“There was another woman in Aljustrel [Portugal] who never lost an opportunity to revile the three [Fatima] children as liars and impostors… Jacinta said, ‘We must ask Our Lady to convert this woman. She has so many sins which she does not confess that she will go to Hell!’ They offered some penances for her. And never again did she give them an unkind word.” (Our Lady of Fatima, pp. 122-123)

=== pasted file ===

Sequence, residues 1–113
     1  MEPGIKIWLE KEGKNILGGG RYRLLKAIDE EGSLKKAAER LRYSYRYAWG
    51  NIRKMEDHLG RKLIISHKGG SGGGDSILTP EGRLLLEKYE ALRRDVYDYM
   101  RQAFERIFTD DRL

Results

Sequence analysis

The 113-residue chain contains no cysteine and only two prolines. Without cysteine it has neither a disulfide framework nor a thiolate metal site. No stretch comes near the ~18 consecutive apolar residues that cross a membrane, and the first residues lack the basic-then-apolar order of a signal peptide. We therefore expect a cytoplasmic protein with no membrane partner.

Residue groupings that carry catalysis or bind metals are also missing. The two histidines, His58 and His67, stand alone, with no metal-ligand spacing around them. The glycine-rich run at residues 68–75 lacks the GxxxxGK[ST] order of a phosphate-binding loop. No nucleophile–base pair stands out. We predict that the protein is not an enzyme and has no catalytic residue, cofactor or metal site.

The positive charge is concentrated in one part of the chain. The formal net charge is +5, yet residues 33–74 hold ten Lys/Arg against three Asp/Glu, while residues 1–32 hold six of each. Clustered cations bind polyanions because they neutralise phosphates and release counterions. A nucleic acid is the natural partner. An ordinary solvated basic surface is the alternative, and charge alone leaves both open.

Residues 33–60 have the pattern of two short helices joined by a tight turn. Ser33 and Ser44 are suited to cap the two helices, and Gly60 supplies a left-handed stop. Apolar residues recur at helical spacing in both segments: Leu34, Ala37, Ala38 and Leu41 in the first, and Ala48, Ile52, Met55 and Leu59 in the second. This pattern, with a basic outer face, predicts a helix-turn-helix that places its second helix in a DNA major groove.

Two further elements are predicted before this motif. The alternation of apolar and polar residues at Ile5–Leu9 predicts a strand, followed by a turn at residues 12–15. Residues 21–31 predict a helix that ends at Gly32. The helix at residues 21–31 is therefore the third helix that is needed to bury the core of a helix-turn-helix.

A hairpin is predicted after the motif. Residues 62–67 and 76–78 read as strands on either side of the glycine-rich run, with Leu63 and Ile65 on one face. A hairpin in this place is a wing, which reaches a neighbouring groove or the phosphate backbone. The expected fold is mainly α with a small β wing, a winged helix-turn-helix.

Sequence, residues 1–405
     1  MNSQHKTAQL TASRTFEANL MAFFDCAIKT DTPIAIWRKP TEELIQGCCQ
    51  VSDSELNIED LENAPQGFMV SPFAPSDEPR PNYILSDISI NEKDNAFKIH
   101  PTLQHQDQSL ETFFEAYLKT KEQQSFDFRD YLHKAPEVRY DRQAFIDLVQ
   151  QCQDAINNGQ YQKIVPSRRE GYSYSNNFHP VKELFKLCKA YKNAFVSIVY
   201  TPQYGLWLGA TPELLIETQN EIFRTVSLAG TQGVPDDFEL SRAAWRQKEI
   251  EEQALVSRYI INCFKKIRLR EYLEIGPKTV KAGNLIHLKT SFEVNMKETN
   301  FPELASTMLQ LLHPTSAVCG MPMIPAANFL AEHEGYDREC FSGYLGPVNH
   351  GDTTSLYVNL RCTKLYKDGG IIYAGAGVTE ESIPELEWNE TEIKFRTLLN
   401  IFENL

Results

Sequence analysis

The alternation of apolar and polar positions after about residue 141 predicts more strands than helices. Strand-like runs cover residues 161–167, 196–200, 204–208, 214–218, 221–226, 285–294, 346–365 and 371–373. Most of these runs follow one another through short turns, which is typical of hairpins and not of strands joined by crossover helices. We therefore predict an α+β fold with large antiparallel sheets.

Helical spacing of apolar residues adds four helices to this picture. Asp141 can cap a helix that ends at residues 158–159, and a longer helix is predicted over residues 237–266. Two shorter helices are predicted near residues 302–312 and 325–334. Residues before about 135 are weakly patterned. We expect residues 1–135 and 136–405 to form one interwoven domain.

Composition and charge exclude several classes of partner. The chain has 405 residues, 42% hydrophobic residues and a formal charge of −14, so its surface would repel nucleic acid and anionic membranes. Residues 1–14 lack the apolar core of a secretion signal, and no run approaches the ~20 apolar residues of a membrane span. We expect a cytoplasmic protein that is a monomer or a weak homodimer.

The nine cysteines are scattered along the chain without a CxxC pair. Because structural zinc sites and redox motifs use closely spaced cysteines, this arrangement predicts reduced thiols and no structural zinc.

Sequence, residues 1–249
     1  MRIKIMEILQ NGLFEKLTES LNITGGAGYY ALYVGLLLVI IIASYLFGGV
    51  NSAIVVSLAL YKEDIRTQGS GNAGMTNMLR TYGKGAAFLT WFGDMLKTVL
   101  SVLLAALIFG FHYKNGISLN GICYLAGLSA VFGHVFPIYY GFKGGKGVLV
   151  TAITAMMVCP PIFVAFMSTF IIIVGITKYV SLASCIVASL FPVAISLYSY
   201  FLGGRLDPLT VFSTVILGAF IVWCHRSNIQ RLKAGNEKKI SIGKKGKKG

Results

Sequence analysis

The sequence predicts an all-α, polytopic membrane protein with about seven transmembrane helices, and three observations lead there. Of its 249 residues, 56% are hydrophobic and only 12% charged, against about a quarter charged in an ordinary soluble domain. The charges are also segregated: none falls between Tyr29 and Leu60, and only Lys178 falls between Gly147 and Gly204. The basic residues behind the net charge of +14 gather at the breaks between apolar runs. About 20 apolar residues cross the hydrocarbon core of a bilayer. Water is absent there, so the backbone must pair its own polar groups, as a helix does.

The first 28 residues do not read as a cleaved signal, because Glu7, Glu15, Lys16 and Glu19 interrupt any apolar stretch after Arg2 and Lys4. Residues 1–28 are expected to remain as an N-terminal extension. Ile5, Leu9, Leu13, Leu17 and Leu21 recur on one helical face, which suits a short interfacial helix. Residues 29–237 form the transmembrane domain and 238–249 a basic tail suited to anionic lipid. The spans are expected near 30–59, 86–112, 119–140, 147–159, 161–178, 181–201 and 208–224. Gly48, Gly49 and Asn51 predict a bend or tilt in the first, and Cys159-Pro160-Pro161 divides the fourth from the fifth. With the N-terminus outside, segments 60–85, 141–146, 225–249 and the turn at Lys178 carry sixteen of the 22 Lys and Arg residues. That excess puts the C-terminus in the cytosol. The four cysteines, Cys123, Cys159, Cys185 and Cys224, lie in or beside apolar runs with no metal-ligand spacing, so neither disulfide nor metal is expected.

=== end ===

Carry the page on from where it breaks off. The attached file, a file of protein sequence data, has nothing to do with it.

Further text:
“Fr. Hoecken has left us an account of a journey Fr. De Smet [the Apostle of the Rocky Mountains] made to the Sioux [heathen], in the depth of winter, through snow from fifteen to twenty feet deep. He was mounted on a lame horse; his feet, nose, and ears were frostbitten, his legs were stiffened with rheumatism, and he was starving. At night the storms raged and wolves howled around the camp. Yet Fr. De Smet’s soul overflowed with joy: ‘My one desire is, with the help of God’s grace, to bear suffering and fatigue as long as it is within my power to endure them. I place my hopes in the bosom of my Savior and await my reward from His bounty, not in this life, but in the life to come.’ Such heroism and devotion yielded abundant fruit. The Christians increased rapidly in numbers among both the Indians and the American Settlers.” (The Life of Fr. De Smet, p. 223)
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